Dragon Reflections #59

Dragon Publishing released Dragon issue 59 in March 1982. It is 84 pages long and has a cover price of $3.00. In this issue, we have Doom Knights, monster making, and dozens of new poisons!

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This month's special attraction is "Exondias Spaceport," a Traveller adventure by Jeff Swycaffer. It is 16-pages long and describes a mini-sandbox setting that includes a small planet and its spaceport. The feature packs a lot of detail and is enhanced by several excellent illustrations. Swycaffer was a regular contributor to Dragon at this time, though he is better known now for his "Concordat" series of science fiction novels.

Keeping with the sci-fi theme, "Skitterbugging" is a short story about astro-geophysicists and their encounter with a new life form. In a nice postscript, designer Steve Winter gives Traveller stats for the crew, equipment, and alien species.

There are a pair of features on halflings, both by Roger E. Moore. "The Halfling Point of View" describes the culture of the game's most diminutive race, while "The gods of the halflings" introduces us to deities such as Arvoreen, Brandobaris, and Cyrrollalee.

Rob Kuntz makes a rare appearance in the pages of Dragon with "The Great Kingdom and the Knights of Doom." It provides some recent Greyhawk news and a description of the titular Knights, created by Ivid the Undying for nefarious pursuits. The editor intended this to be a regular column, but it lasted only a few issues.

In "Poisons: The toxins of Cerilon," Larry DiTillio describes various poisons and their effects. If you are familiar with DiTillio's work, you will not be surprised to hear that this is high-quality content. Speaking of quality, "Make monsters, not monstrosities" by Lewis Pulsipher offers a valuable set of guidelines for creating credible D&D monsters. I can't recall another article of this nature in Dragon, and it is very welcome.

On to the regular offerings! In "From the Sorcerer's Scroll," Gary Gygax introduces us to cantrips, which are the minor spells "learned and used by apprentices during their long, rigorous, and tedious training for the craft of magic-use." They are primarily domestic in focus, with names such as Clean, Dust, Stitch, and Sweeten. But imaginative players may have found a use for them in an adventuring context.

"Giants in the Earth" by Roger E. Moore presents D&D statistics for classic heroes from fiction and literature. This month we have Poul Anderson's Sir Roger de Tourneville, L. Sprague de Camp & Fletcher Pratt's Harold Shea,

Alexei Panshin's Anthony Villiers, and Clifford D. Simak's Mark Cornwall and Sniveley. This column always recalls me to the game's pulp roots.

"Dragon's Bestiary" has three new monsters. The bleeder by Ed Greenwood is a kind of bloodsucking beholder; the stymphalian birds by Michael Parkinson are carnivorous storks; and the spriggan by Roger Moore is a tiny, grotesque humanoid. Of these, I'm most likely to use the stymphalian birds.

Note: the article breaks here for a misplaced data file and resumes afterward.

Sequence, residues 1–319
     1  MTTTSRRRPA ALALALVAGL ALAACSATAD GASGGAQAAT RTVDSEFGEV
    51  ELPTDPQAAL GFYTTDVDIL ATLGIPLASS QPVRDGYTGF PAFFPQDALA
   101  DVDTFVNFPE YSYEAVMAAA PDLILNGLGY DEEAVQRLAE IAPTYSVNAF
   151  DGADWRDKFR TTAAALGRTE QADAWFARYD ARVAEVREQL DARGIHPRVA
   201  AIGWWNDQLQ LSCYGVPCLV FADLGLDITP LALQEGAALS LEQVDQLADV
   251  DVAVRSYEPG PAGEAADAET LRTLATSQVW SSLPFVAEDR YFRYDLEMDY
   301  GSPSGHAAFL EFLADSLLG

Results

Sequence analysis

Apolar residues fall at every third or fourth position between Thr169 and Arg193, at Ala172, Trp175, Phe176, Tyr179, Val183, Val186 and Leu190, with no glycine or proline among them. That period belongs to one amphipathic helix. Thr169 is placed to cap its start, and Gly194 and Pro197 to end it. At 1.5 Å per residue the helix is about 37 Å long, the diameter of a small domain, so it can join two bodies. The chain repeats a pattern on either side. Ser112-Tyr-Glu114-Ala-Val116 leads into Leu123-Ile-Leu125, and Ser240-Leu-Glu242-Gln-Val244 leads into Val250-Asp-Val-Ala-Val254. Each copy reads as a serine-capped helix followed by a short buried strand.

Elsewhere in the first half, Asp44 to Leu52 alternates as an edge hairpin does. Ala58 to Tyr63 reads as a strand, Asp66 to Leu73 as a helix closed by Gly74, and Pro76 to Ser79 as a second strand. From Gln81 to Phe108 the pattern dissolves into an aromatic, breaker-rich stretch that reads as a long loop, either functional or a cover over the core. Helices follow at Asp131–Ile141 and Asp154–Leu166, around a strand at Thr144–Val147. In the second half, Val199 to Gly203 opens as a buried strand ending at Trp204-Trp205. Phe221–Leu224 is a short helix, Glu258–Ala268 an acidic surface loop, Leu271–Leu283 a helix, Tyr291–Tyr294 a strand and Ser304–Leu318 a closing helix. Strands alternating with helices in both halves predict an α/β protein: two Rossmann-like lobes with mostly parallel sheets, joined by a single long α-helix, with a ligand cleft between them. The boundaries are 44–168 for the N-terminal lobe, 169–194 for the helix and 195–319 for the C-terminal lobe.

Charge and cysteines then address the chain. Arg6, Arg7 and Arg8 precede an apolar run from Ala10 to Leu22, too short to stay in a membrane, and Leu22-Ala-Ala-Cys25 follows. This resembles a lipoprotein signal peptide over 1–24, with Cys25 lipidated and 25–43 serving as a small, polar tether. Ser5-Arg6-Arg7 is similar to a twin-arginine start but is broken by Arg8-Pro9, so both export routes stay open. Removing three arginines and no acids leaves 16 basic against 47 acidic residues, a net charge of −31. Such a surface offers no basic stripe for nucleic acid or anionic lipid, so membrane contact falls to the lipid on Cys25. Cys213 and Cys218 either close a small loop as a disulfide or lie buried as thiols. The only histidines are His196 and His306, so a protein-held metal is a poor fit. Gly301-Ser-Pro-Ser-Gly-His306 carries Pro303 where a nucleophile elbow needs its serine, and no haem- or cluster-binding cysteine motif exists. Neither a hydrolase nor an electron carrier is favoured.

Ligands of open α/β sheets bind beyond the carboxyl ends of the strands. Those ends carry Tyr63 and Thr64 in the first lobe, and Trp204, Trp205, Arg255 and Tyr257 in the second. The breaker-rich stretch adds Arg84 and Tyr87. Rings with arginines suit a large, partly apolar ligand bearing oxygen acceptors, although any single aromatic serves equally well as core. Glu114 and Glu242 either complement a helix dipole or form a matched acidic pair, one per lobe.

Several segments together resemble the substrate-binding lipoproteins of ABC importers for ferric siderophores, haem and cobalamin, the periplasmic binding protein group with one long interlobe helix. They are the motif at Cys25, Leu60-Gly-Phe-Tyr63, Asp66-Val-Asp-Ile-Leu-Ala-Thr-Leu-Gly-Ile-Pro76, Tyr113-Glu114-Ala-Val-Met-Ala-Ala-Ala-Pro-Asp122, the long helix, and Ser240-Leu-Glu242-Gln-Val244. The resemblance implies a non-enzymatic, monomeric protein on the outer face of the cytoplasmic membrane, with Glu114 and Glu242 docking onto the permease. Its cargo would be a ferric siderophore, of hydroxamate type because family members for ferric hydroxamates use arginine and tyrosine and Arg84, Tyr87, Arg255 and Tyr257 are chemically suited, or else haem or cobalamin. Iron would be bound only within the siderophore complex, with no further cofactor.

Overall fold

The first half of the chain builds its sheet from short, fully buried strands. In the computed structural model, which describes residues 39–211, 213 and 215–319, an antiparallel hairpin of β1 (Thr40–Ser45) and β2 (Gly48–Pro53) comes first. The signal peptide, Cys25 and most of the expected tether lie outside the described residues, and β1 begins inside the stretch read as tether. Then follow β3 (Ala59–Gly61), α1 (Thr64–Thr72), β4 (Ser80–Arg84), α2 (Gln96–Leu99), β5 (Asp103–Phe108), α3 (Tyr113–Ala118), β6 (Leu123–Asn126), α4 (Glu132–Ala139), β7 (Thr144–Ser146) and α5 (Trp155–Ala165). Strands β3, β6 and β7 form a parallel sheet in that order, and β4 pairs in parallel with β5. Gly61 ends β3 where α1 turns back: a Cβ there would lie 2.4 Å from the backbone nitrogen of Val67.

"Dragon's Augury" has just two game reviews this month, both by Tony Watson. Starfire III: Empires by Task Force Games "has a few problems" but is still "impressive," while Demonlord by Dwarf Star is "a real bargain."

Chris Henderson returns with five book reviews in "Off the Shelf." We have two anthologies: the Best of Randall Garrett is "worth buying," while In Iron Years by Gordon R. Dickson "is not a great collection, but it is a good one."

Fuzzy Bones by William Tuning is "a totally enjoyable novel." The Essential Guide to Home Computers by Frank Herbert (yes, that Frank Herbert!) is "a simple book" but "necessary." Finally, The Art of Leo & Diane Dillon "is in all respects what an art book should be."

The cover is by Jim Holloway. Interior artists include Larry Elmore, Phil Foglio, Roger Raupp, Joe Lee, Bruce Whitefield, and Steve Peregrine.

And that's a wrap! Some good content this month, with the highlight being DiTillio's article on poison. Next month, we have D&D firearms, a feature on elves, and the April Fool's mini-magazine!
 
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M.T. Black

M.T. Black



Rhineglade

Explorer
I always have a soft spot in my heart for this issue for some reason. I really loved the Halfling articles. Particularly the info on the halfling gods. I was just a kid when this issue first came out and the thought of halflings having their own mythology was completely alien to me at the time. I'd never thought of that but it made perfect sense of course. I quickly snatched up the other issues to read about the other "demi-humans" and "humanoids" as well and was equally intrigued.
 




Von Ether

Legend
I know there are a few gaming mags out there that support more than one game system, but I wish there were more.

Also, I think that dude in blue totally bowled over his hat wearing co-worker. Not cool, dude.
 

RealAlHazred

Frumious Flumph
And my idea for "Canned Trips: An Entire Module in a Can (comes with dice and miniatures)". It would have been ahead of its time!
 

Cruentus

Adventurer
I know there are a few gaming mags out there that support more than one game system, but I wish there were more.

Also, I think that dude in blue totally bowled over his hat wearing co-worker. Not cool, dude.
I don't have to outrun the monster, just outrun you... <trip>

I still have a xerox copy I made of those poisons and still use it. All of the old Dragons are such a wealth of ideas and content.
 

Lidgar

Legend
I still have this issue. It was just so good, especially since I was really into Traveller at the time. The cantrips were a good example of many spells back then - all about creative uses, like making someone sneeze at an inopportune time.

Definitely the Golden Age of Dragon.
 




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